Is the sky falling? Big drop in super fund returns in January

As Australia struggles to recover from the pandemic, investors have received sobering news. The median balanced super option declined by more than two per cent in January.

Superannuation analyst SuperRatings reports that the median balanced option returned a fall of 2.1 per cent in the opening month. The fall comes after a turbulent month for domestic and global equities, and increasing concerns about rising inflation, along with looming rate hikes.

What is driving the downturn?

In simple terms, the market has been ‘spooked’ by several factors simultaneously, including an inflation rise, an increasingly likely hike in official interest rates and a supply shortage resulting from the far-reaching impacts of the pandemic.

Read: As you count your nest egg gains, analysts warn of bumps

SuperRatings executive director Kirby Rappell said this week that previously falling interest rates had supported rising asset prices which had translated to a strong superannuation performance in recent years.

“However, we are seeing an uptick here, which has flow-on effects for investment markets and the super balances of Australians,” he said.

Should you be concerned by this dramatic fall?

Mr Rappell explains that for the vast majority of superannuation investors, who choose the balanced or other more conservative options, there is no great cause for concern.

“Only about 50 per cent of investments are in shares so your super should be less volatile if you are in a balanced option or a more conservative option. This means that members sitting in these options are not as affected by the ups and downs in stock markets we have seen recently.”

Read: The common investment putting retirements at risk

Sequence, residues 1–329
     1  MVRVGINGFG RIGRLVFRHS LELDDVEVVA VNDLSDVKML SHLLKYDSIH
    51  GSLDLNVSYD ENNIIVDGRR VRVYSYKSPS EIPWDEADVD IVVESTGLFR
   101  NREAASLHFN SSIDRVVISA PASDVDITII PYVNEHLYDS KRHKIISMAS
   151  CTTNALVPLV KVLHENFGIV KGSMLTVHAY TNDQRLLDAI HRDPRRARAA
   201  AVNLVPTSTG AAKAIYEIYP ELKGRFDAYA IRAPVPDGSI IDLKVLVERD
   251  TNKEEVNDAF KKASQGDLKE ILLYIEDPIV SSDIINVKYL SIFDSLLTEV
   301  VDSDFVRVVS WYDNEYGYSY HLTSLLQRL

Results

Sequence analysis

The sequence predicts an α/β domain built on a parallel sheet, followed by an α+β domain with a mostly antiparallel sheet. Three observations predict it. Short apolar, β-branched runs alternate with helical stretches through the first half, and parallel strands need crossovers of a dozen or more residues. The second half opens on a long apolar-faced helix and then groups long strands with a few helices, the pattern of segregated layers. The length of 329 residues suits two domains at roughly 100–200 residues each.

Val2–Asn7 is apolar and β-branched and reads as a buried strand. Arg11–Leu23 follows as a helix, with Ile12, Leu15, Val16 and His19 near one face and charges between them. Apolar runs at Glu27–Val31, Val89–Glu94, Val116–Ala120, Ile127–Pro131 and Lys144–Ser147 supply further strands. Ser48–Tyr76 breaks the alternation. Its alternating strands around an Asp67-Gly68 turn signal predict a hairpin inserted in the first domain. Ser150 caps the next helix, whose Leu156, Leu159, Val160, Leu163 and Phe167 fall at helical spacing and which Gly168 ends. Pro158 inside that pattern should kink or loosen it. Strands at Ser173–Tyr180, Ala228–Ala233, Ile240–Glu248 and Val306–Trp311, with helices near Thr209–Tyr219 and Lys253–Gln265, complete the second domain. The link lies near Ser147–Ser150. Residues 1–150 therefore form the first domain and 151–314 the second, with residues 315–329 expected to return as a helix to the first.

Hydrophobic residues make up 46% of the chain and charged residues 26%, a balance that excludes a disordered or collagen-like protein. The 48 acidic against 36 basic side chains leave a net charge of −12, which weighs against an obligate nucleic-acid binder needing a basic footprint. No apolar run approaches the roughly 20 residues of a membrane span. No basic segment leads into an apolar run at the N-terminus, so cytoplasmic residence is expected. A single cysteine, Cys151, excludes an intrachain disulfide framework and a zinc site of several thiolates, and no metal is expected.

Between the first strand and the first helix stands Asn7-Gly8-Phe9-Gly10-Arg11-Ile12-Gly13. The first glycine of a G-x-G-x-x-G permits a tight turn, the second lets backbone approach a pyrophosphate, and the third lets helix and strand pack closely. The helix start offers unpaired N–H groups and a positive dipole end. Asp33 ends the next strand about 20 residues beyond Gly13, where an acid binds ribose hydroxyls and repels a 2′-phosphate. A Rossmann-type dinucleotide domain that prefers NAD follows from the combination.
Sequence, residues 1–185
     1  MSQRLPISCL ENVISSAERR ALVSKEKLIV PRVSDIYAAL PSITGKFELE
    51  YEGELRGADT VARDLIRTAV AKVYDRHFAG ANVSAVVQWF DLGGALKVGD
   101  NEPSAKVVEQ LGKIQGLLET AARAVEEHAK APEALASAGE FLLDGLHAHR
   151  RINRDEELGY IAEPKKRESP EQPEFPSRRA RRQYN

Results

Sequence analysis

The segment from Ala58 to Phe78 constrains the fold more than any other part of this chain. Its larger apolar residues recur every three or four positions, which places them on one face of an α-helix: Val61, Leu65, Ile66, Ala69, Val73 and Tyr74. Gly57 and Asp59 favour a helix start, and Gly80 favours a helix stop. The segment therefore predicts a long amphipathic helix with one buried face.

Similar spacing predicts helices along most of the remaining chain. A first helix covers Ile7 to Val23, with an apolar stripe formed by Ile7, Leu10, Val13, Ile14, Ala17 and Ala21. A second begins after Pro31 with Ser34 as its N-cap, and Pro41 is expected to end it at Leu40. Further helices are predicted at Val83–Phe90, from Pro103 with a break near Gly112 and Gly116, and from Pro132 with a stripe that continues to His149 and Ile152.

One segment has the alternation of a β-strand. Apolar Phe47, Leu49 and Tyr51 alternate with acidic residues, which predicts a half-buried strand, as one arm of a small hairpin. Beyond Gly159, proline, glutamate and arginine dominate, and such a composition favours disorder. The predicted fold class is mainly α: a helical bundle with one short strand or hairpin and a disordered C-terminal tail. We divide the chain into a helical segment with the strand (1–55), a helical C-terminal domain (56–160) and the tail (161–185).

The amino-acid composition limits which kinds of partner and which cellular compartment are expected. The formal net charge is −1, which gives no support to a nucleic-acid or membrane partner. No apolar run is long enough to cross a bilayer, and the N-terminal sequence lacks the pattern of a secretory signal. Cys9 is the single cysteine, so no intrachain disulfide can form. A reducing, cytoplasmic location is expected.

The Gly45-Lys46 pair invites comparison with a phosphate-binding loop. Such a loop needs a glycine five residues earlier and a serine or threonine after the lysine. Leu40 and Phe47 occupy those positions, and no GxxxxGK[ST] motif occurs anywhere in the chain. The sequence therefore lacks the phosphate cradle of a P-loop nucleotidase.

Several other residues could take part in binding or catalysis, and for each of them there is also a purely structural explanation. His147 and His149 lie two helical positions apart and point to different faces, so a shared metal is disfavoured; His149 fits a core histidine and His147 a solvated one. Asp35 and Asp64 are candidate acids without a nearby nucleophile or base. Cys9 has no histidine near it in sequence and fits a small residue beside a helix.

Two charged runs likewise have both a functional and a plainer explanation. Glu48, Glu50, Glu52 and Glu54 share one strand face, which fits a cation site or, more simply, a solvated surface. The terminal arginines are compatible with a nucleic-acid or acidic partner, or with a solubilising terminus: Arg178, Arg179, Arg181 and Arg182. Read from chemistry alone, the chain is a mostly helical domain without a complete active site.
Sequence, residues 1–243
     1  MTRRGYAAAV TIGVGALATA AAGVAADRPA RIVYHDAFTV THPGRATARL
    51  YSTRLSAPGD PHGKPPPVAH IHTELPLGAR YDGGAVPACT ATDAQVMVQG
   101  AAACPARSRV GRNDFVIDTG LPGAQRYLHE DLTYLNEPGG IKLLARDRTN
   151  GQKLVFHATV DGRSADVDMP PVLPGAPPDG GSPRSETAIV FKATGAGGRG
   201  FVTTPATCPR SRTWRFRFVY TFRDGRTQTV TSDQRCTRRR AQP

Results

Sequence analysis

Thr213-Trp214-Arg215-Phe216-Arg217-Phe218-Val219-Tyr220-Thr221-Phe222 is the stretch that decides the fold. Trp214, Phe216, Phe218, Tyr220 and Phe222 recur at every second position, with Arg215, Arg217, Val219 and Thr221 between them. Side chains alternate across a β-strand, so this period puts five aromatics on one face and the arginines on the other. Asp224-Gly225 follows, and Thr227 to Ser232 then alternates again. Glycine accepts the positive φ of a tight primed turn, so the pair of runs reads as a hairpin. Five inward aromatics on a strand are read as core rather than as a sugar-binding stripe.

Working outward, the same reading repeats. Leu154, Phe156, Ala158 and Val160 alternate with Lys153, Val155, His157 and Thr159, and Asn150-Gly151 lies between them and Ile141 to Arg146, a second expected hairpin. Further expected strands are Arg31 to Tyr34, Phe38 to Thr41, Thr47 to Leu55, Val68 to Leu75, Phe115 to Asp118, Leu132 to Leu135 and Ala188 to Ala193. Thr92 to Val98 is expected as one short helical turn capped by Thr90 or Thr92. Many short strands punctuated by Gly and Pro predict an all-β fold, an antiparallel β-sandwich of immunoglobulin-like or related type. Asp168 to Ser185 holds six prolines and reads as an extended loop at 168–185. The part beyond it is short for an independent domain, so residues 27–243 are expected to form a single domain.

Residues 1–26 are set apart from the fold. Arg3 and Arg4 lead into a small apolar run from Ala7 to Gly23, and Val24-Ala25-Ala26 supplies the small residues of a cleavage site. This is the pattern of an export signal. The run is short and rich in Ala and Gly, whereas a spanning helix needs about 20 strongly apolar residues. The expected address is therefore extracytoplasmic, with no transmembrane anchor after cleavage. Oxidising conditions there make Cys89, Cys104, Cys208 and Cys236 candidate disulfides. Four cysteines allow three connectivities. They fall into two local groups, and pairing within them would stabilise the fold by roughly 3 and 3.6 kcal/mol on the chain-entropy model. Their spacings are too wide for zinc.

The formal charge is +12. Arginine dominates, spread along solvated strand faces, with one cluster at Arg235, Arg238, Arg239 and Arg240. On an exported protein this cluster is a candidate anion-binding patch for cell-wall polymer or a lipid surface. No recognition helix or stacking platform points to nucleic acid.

Investors should also be mindful that one month is a very small part of the superannuation lifecycle. By its very definition superannuation (from the Latin super meaning ‘over’ and annus meaning ‘year’) is a payment made towards a future pension. It is a long-term investment.

It is also worth noting that in the 12 months prior to January, balanced super funds performed very strongly. The median balanced option returned a whopping 13.4 per cent in 2021.

In short, the proverbial ‘big picture’ perspective is important at times such as this.

Read: How your superannuation affects the Age Pension

That does not mean investors should blindly ignore the peaks and troughs of superannuation. Mr Rappell’s advice rings very true in light of January’s somewhat startling figures:

“As you settle into 2022, now is a good time to do a health check on your fund and be sure to look at returns as well as fees and insurance,” he says. “While all super funds have good years and those that are more challenging, strong long-term performance remains the main game for members.”

Don’t panic!

Super Consumers Australia director Xavier O’Halloran urges all superannuation members to take the long-term approach, reminding us that superannuation is “designed to be balanced so that it can ride out these kinds of shocks”.

“Right now is not the time to panic”, he says. “There’s some short-term volatility in the market, but superannuation is really a long-term investment. And so, people should be thinking about what their strategy is decades into the future.”

Are you concerned by the January super fund drop? Have you given your fund a ‘health check’ recently? Why not share your experience in the comments section below?

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Written by Andrew Gigacz

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